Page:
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The Best Movies of 2018

Jesse

Jesse is a cofounder of SportsAlcohol.com even though he doesn't care for sports or alcohol. His favorite movie is Ron Howard's The Paper. I think. This is what happens when you don't write your own bio. I know for sure likes pie.

Our list of the best movies of 2018 didn’t have to be 15 titles. It could have been 20, or 25, or 30, because all four of the core SportsAlcohol.com movie-watchers had plenty of choices for our individual lists from a year with no shortage of smart, entertaining, galvanizing, beautiful, traumatizing, exciting, and otherwise distinctive 2018 releases. But these choices for the 15 best movies of 2018 are the ones that found a kinda-sorta consensus among the four of us. They aren’t all on every list, but they’re still the 2018 movies that some portion of us, occasionally of us, bonded over in some way. So grab a friend and check out these particularly unifying pictures.
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The Top 20 Best Movies of 2016

Jesse

Jesse is a cofounder of SportsAlcohol.com even though he doesn't care for sports or alcohol. His favorite movie is Ron Howard's The Paper. I think. This is what happens when you don't write your own bio. I know for sure likes pie.

If the Oscars can wait so long to unveil their best-of-the-year picks, why not us? After all, ours are demonstrably superior to the Academy’s: More eclectic, less predictable, sometimes more weird (often, also, more musical). 2016 wasn’t good for a lot, but it was, as it turned out, a good year for movies. So our core film group — Marisa, Jesse, Nathaniel, and Sara — went ahead and picked not 10, not 15, but 20. There was room; there could have been room for even more. We’ll be back with a podcast where we discuss our choices. For now, enjoy our tributes to the movies that moved us most in 2016.
Continue reading The Top 20 Best Movies of 2016

HALFTIME REPORT: Inside Llewyn Davis (2013)

Nathaniel

Nathaniel

SportsAlcohol.com cofounder Nathaniel moved to Brooklyn, as you do. His hobbies include cutting up rhubarb and laying down. His favorite things are the band Moon Hooch and custard from Shake Shack. Old ladies love his hair.
Nathaniel

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With Halftime Report, your good friends at SportsAlcohol.com revisit some of their favorite films from the first half of this decade.

Hang me, oh, hang me. I’ll be dead and gone.
Hang me, oh, hang me. I’ll be dead and gone.
Wouldn’t mind the hanging, but the laying in the grave so long
Poor boy, I’ve been all around this world.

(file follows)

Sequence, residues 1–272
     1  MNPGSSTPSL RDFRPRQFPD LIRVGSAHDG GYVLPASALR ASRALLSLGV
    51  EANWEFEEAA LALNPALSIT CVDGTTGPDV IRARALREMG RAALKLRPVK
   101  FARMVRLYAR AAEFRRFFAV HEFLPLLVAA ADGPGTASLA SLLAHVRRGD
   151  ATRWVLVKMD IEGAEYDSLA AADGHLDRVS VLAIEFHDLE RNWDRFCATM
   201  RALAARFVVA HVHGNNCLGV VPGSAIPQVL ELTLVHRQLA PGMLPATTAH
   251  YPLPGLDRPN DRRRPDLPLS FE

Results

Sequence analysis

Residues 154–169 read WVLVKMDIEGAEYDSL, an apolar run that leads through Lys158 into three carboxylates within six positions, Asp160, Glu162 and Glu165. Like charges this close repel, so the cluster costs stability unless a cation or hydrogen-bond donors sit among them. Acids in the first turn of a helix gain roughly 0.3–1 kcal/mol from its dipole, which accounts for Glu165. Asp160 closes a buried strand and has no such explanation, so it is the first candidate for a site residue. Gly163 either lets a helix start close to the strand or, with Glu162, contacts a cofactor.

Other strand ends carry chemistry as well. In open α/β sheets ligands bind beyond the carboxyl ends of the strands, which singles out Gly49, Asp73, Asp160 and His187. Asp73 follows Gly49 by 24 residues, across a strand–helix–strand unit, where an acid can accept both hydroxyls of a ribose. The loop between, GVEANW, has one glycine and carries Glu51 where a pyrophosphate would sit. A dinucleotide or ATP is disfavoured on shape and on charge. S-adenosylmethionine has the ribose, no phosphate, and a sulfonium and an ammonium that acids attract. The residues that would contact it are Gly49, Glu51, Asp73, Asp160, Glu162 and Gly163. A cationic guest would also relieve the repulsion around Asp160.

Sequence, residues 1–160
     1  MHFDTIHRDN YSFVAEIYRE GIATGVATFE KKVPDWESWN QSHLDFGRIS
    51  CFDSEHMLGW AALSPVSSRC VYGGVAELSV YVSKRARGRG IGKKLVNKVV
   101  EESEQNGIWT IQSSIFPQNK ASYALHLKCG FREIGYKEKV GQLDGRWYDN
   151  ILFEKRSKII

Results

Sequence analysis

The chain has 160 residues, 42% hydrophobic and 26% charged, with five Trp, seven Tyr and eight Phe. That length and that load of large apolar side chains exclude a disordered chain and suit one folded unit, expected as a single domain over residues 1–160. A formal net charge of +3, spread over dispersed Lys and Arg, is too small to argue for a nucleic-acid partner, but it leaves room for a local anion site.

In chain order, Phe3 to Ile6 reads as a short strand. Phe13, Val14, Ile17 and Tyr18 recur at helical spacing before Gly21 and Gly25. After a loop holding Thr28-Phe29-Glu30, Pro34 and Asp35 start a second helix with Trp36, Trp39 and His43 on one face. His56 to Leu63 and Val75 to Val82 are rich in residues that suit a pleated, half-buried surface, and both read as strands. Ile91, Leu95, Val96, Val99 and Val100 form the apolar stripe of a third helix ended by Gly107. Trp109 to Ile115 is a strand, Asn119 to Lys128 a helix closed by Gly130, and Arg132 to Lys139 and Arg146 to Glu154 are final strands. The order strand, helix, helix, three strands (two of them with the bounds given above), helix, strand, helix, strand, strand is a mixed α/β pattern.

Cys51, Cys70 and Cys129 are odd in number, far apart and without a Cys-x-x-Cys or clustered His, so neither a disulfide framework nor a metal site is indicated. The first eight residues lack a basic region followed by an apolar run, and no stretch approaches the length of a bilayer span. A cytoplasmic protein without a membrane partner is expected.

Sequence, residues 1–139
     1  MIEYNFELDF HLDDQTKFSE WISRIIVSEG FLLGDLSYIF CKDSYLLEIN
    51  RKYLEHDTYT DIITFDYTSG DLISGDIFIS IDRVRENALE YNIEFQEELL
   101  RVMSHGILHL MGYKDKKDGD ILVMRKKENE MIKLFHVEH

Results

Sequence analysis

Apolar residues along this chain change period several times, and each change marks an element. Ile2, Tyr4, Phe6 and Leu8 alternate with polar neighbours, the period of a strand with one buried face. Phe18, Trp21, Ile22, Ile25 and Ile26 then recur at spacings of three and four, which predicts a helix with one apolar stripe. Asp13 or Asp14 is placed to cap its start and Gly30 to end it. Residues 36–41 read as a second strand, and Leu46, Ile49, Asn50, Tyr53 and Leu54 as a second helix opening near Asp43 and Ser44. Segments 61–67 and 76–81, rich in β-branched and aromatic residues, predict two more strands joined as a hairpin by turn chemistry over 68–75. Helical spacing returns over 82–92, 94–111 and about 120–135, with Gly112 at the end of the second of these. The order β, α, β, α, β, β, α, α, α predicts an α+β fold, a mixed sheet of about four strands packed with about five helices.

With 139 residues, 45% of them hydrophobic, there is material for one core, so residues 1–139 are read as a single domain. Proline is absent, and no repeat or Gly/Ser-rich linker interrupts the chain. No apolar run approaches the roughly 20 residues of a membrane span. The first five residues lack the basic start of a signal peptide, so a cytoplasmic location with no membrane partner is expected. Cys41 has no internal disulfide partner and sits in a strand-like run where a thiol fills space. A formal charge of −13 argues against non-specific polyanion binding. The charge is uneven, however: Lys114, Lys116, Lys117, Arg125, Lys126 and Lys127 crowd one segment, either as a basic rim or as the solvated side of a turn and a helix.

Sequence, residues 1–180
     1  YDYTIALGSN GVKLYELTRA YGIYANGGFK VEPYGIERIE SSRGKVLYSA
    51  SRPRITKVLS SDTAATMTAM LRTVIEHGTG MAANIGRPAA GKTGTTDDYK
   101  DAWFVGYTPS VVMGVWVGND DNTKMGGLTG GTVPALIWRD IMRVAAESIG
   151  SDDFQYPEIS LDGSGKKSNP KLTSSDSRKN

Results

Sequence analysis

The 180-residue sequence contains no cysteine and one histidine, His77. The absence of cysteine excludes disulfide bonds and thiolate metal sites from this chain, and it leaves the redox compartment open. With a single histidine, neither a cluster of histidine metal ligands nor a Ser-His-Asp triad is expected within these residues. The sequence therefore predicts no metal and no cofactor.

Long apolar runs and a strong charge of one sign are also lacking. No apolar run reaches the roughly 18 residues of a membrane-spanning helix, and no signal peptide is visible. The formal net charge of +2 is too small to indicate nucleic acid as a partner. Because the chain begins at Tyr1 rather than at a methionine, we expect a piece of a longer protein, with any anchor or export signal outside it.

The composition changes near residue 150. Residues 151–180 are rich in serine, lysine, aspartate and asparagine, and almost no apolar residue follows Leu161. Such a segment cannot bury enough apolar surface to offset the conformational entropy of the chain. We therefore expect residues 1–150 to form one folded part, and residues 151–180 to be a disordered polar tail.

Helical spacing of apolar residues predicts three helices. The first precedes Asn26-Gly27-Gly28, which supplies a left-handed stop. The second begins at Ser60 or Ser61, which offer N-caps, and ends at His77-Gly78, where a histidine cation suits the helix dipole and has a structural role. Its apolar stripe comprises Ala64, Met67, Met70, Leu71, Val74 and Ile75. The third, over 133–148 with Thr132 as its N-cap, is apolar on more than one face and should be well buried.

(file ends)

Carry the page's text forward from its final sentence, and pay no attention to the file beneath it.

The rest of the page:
In 2013, Inside Llewyn Davis was met by film fans with an enthusiastic array of reactions that has become fairly familiar for a new Coen Brothers film (particularly the films they’ve released since 2007’s No Country For Old Men). There’s the poring over their meticulous technique, the debates about where the latest film ranks among the brothers’¬† oeuvre, speculation about how much the film can be read as personal expression by the famously puckish filmmakers, the debates about how despairing or cynical the film’s worldview truly is AND the attendant speculation about how much of that is sincere and how much is a joke on audiences. This last one is something of an evolution of the charge levied against them from the beginning of their career that they hold their characters (and possibly their audience) in contempt. Like A Serious Man, with its story about midwestern Jews in the 1960s that gave critics the purchase to finally analyze a Coen picture with an eye to their biography, Inside Llewyn Davis‘s story of a man adrift after losing a close friend and artistic partner offered a critical approach that allowed people to sidestep whatever lingering questions they still have about the Coens’ sincerity. Here was a movie working through the guys’ feelings about an imagined scenario where one of them died, leaving the other to muddle on alone. It’s a pretty satisfying reading of the film, and it suggests that we can perhaps also map the movie’s take on art, commerce, and the life of an artist as a similarly personal exploration by a couple of filmmakers who have a strange and interesting outsider relationship with Hollywood. But watching it now, after those initial conversations have subsided, I was struck by the way that it employs a classic Coen Brothers shaggy dog comedy of errors structure to tell their most emotional story, crystallized in perhaps the most devastating moment in any of their films. Continue reading HALFTIME REPORT: Inside Llewyn Davis (2013)